I bought this book after watching an interview of the author on Oprah since I had wanted to learn more about Sufism and Rumi for a long time. Although during the interview Llewellyn was very impressive, this book is not. I was reluctant to write an unfavorable review, so I went ahead and read the book the second time, did a lot of research on the internet and watched Llewellyn's almost an hour long video called "We Are All One: Full Interview with Llewellyn Vaugh-Lee" and his interview with Oprah on the internet before writing the review.
According to the book's definition, "Sufi is a name given to a band of mystics who are lovers of God". The goal in Sufism or a Sufi is to become one with God by mediating and chanting (dhikr). Some of the concepts are similar to other spiritual teachings such as "Divinity of humans" (Holy Spirit or God living in every human like Unity teachings), "The real reason of unhappiness or feelings of unfulfillment is the result of separation from God" ("A Course in Miracles") ," Living in the world but not of it" (Bible) and "Living in the presence of God every moment" (Marianne Williamson's writings)
After finishing it, I was terribly disappointed by the book which is terribly dry, abstract and repetitious. ( "The mind and the ego can never grasp an experience of total unity in which there is no distinction between observer and observed, but the heart's experience of His unity is reflected into our ordinary consciousness." )I learned more about Sufism from a three minute video of Jonathan Brown from Georgetown University, a video clip of a documentary about Sufism by PBS on the internet and Rumi's official website maintained by his descendants(Mevlana Rumi), than reading this book.(Mevlana Rumi's website also has a list of recommended books in English. If you click on each book's web link, it takes to Amazon.com, where you can buy the books.)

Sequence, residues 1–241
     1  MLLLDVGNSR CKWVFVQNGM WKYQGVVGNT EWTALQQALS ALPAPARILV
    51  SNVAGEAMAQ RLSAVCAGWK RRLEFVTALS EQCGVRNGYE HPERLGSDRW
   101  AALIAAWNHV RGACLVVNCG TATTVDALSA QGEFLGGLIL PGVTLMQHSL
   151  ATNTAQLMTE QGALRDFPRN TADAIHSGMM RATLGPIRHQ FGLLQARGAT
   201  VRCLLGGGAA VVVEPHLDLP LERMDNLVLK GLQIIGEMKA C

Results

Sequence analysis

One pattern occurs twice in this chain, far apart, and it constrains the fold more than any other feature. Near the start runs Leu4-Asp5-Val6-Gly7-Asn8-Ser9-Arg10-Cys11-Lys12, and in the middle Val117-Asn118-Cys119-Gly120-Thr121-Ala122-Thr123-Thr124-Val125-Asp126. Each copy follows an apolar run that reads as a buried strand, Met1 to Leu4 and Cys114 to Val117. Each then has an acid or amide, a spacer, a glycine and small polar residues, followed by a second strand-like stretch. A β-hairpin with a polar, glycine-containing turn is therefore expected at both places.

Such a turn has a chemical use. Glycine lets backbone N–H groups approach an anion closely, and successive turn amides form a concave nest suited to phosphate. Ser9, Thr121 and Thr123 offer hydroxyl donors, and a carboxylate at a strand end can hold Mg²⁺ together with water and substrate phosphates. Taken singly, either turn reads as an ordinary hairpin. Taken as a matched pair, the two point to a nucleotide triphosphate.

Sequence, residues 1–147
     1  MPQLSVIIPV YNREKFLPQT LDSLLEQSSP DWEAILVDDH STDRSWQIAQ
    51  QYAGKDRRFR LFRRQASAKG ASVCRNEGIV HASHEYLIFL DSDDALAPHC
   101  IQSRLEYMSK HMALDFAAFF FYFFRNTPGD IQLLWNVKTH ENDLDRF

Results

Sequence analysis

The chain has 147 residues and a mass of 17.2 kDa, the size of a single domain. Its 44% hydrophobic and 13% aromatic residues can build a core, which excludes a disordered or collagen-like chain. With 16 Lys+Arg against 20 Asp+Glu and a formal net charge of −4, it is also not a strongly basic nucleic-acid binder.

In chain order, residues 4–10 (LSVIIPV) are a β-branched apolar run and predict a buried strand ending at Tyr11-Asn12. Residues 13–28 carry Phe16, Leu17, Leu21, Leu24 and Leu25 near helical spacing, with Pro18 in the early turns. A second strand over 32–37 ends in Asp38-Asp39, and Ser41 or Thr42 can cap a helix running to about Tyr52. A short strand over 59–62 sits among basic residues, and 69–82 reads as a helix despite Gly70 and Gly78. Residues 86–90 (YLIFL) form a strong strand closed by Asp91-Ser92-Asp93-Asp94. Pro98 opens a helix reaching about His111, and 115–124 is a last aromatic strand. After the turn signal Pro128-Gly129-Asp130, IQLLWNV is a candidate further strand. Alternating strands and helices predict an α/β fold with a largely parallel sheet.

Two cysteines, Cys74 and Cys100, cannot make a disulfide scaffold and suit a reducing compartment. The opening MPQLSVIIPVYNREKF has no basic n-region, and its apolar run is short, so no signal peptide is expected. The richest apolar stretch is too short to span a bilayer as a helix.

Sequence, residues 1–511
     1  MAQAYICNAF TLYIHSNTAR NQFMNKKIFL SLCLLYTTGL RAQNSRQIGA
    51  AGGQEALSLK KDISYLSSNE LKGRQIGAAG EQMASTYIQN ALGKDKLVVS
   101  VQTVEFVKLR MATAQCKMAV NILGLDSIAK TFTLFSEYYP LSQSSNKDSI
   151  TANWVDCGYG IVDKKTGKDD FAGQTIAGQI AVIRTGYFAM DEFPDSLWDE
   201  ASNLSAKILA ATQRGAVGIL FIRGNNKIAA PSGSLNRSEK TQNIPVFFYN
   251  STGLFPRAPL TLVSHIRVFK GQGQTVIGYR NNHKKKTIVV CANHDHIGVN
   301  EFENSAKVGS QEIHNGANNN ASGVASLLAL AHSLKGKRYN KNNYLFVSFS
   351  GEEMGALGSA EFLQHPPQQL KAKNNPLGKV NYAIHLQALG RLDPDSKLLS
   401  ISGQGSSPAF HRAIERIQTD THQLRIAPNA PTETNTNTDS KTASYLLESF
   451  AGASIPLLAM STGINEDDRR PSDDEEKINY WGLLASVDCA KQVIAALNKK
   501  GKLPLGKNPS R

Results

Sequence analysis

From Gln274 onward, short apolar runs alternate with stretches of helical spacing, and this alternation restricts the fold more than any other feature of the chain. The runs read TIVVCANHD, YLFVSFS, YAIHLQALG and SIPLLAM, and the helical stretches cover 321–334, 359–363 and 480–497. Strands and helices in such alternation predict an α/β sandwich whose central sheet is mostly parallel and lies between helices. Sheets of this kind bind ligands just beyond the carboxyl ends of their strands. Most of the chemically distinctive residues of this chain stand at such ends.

However, my major disappointment about this book was the dedication of one third of the book, fifty pages, to Carl Jung and his dream work while briefly mentioning Rumi, two pages, the first person comes to mind in many circles talking about Sufism. (Since I did a lot of reading about Jung years ago, I did not buy this book to learn about Jung but Sufism) Not to mention, there was no coverage of Omar Khayyam or Al-Ghazali "whose influences extended beyond Muslim lands and Western philosophers and theologians" according to my internet research.
In this age of separation, alienation and strife, we need more enlightened spiritual teachers like Llewelly and his message of universal love and unity. ("God is all there is, everything is God's expression of Himself and God is love."/ "Whatsoever you turn, there is the face of God") One can't help but admire his command of the English language when he talks, brilliance, level of spiritual enlightenment, and dedication of spreading the message of universal love (Sufism) to masses. I wish he would write the way he talks because if readers, who don't know much about the subject matter unlike him, don't understand the book, the message is not going to reach the target audience. (I highly recommend watching his an hour long video called "We Are All One" on the internet to really appreciate him.)